What Works News Round-Up – September 26, 2014
In the News
Here is some of the latest poverty and community development news from this past week.
Next City (9/24/14) Transportation Funding Change Aims For Equality in Twin Cities
From exclusionary zoning policies to trains that stop before reaching areas of racially concentrated poverty, institutionalized racism is literally built into our urban and suburban landscapes. In the Twin Cities, a new method for distributing federal transportation dollars considers the cities’ spatial and economic inequities.
New York Times (9/23/14) Academic Skills on Web Are Tied to Income Level
Wealthier students tend to perform better on tests of reading comprehension than their poorer peers, a longstanding trend that has been documented amply. But with the Internet having become an indispensable part of daily life, a new study shows that a separate gap has emerged, with lower-income students again lagging more affluent students in their ability to find, evaluate, integrate and communicate the information they find online.
CityLab (9/23/14) The Housing Bubble Also Left Our Neighborhoods More Segregated
The collapse of the housing market in 2008 and the credit crunch that followed it continues to disproportionately affect minorities. Black homeowners in the United States are so likely today to return to renter status that the gains made by blacks in homeownership since the 1970s have been effectively wiped out.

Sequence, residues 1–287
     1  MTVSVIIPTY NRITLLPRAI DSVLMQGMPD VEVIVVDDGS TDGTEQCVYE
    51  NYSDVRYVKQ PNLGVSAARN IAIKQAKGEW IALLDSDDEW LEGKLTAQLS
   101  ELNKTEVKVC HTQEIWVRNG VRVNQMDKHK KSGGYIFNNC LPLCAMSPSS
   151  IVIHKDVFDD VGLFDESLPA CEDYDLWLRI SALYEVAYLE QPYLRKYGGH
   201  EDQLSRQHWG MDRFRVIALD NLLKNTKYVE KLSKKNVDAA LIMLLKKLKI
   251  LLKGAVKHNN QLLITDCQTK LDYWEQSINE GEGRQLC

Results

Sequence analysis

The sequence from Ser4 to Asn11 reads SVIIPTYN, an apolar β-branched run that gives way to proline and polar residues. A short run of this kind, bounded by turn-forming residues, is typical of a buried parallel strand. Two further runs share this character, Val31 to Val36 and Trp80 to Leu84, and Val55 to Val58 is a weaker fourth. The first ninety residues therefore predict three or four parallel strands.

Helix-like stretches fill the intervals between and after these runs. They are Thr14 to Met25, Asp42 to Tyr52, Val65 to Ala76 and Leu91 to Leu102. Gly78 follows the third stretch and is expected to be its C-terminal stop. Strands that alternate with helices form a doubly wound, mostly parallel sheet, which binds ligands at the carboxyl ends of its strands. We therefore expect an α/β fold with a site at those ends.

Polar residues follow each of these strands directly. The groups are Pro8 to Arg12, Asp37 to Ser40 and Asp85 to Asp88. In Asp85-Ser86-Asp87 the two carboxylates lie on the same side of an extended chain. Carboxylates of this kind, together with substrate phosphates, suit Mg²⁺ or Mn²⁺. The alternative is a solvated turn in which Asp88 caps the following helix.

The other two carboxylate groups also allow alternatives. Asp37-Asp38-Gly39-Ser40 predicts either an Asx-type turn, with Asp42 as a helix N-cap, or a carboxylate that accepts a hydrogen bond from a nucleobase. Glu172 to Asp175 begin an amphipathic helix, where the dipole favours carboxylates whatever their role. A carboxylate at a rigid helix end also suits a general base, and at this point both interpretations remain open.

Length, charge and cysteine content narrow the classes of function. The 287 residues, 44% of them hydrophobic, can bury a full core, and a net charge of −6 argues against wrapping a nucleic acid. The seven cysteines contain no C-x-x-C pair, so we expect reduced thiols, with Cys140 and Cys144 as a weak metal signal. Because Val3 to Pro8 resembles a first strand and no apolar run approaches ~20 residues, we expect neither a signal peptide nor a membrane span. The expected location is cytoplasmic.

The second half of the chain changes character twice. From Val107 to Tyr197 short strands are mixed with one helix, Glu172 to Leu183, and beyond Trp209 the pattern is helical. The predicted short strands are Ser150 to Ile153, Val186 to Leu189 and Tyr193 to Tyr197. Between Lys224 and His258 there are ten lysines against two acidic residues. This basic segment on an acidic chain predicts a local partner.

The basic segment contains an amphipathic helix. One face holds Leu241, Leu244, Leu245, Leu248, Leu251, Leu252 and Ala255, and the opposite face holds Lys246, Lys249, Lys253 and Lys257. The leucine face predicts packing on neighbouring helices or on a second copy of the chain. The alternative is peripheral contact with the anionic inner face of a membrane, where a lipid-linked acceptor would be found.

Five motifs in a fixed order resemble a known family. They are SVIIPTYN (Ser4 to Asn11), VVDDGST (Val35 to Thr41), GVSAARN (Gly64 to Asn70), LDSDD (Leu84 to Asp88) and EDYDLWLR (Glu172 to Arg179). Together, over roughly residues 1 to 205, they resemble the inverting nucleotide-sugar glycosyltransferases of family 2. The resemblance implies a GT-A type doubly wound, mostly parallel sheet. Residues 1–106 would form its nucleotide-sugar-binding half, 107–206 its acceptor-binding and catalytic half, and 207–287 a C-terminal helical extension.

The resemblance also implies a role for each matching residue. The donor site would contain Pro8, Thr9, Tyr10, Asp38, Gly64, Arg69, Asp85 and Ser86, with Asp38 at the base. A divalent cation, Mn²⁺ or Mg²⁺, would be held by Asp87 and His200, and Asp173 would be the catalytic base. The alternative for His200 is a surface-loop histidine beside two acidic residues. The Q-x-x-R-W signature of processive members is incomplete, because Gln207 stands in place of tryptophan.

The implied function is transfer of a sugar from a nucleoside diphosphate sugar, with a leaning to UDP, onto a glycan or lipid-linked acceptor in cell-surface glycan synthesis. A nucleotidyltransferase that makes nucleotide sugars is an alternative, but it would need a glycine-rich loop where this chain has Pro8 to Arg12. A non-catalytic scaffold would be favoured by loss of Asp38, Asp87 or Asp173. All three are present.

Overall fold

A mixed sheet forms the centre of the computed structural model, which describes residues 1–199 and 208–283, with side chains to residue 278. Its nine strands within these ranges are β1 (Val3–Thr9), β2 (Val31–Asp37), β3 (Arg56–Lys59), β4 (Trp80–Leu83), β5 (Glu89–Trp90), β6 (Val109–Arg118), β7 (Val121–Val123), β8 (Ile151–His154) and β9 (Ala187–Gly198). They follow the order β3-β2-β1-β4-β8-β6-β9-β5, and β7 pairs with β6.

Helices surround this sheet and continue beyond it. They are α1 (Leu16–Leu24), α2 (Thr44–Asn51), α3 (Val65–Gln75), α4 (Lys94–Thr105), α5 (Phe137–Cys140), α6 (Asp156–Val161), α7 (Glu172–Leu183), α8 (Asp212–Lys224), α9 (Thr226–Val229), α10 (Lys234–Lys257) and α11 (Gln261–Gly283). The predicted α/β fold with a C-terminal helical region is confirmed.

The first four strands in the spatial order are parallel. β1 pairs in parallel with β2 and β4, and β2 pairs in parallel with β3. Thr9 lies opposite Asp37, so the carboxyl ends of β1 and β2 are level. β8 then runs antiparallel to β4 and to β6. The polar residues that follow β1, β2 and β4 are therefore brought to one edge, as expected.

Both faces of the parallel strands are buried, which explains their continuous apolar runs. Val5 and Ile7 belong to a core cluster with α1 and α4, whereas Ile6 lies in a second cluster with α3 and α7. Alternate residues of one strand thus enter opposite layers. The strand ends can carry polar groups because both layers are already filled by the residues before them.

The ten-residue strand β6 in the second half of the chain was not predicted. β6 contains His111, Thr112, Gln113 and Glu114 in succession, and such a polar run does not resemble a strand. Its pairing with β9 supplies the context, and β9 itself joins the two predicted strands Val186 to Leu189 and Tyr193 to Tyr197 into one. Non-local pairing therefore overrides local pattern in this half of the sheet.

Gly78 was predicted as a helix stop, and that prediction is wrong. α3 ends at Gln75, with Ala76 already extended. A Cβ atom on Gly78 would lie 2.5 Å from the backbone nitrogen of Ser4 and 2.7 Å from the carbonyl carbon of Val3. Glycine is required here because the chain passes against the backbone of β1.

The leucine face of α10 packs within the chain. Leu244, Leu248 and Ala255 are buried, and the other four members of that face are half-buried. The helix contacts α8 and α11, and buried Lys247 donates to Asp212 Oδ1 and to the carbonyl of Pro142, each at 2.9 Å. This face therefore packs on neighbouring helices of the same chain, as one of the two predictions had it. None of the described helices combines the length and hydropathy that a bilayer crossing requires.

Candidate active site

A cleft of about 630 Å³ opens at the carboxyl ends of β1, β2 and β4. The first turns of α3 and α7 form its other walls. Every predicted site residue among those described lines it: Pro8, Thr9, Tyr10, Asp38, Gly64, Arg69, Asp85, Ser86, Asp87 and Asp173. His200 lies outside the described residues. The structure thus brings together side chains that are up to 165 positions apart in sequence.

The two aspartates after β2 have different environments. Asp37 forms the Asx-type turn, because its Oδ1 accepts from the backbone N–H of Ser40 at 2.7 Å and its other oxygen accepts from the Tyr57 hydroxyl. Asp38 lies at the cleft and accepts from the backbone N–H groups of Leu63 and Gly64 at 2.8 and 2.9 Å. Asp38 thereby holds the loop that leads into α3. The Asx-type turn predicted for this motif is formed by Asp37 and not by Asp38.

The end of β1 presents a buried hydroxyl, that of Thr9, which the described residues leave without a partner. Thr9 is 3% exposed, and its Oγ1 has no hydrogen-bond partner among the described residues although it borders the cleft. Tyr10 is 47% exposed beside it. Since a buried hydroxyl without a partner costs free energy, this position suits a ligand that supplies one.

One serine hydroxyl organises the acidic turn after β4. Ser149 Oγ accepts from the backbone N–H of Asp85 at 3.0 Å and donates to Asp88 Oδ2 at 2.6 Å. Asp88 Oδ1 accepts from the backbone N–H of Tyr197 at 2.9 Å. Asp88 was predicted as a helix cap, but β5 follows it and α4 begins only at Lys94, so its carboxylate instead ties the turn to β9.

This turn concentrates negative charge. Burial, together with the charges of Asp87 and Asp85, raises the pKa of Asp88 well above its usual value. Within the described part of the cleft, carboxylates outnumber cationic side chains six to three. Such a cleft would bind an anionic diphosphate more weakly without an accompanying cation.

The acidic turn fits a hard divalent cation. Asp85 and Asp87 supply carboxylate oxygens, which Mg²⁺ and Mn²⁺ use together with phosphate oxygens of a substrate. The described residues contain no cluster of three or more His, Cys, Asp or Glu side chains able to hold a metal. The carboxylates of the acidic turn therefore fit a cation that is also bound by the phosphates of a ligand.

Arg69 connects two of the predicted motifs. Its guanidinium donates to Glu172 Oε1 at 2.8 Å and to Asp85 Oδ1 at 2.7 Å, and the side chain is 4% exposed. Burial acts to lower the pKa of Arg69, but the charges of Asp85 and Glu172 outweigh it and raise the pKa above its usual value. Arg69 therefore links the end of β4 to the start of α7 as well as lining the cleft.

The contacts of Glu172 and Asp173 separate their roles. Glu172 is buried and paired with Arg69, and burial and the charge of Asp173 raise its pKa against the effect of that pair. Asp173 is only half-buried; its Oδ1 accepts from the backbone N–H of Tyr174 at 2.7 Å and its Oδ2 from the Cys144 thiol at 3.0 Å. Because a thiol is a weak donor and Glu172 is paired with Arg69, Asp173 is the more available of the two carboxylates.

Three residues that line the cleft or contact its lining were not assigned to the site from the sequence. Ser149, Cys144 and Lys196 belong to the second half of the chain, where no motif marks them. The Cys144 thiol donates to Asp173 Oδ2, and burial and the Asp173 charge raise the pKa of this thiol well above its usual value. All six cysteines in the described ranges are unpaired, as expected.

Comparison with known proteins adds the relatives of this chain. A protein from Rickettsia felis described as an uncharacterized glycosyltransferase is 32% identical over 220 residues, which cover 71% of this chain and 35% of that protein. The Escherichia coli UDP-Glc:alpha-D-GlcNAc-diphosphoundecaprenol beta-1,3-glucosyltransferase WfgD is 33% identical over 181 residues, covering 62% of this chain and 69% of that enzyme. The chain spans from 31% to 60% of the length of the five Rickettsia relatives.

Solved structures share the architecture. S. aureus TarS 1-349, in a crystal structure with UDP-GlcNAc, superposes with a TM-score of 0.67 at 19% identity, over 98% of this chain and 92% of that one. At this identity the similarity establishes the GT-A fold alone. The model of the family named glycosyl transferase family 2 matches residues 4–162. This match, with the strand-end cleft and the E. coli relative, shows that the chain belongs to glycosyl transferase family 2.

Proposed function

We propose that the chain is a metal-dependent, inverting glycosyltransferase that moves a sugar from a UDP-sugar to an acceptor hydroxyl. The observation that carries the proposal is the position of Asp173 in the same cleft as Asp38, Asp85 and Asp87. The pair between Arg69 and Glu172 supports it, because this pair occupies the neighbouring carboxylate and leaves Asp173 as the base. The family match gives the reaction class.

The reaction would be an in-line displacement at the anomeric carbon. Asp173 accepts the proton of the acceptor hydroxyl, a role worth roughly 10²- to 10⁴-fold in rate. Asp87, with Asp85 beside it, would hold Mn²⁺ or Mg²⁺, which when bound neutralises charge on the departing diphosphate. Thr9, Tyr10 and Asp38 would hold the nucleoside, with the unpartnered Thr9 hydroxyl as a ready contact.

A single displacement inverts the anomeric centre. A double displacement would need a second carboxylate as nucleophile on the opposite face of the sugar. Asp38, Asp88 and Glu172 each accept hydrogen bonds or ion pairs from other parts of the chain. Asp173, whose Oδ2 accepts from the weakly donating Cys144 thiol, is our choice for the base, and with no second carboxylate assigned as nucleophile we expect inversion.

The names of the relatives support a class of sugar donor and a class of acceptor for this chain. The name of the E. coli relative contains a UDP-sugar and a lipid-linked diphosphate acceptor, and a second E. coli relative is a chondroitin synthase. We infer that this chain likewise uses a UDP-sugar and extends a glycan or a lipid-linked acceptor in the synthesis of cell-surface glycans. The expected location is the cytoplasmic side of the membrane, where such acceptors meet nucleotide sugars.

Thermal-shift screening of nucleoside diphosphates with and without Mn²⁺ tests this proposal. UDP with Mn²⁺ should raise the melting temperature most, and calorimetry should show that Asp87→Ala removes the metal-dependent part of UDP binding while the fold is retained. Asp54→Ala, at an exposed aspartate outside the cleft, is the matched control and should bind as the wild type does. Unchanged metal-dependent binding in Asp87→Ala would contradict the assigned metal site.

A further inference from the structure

Urban Institute MetroTrends Blog (9/22/14) Is Housing a Safety Net or a Springboard?
Roughly 4.6 million households* in the United States receive federal housing assistance. That may sound like a large number, but demand far exceeds supply.
Wonkblog (9/22/14) What Happens to Families on Housing Assistance When the Assistance Goes Away?
Housing constitutes the largest expense that most of us bear every month, as well as the most essential. And yet of all of the forms of aid we offer the poor — food stamps, income support, school lunch, health care — housing assistance can be the most precarious.
Pew Research Center (9/19/14) Hispanics Only Group to See Its Poverty Rate Decline and Incomes Rise
Hispanics are the only major racial or ethnic group to see a statistically significant decline in its poverty rate, according to 2013 Census Bureau figures released this week. The drop in the poverty rate among Hispanics – from 25.6% in 2012 to 23.5% in 2013 – contributed to the first decline in the nation’s overall poverty rate since 2006.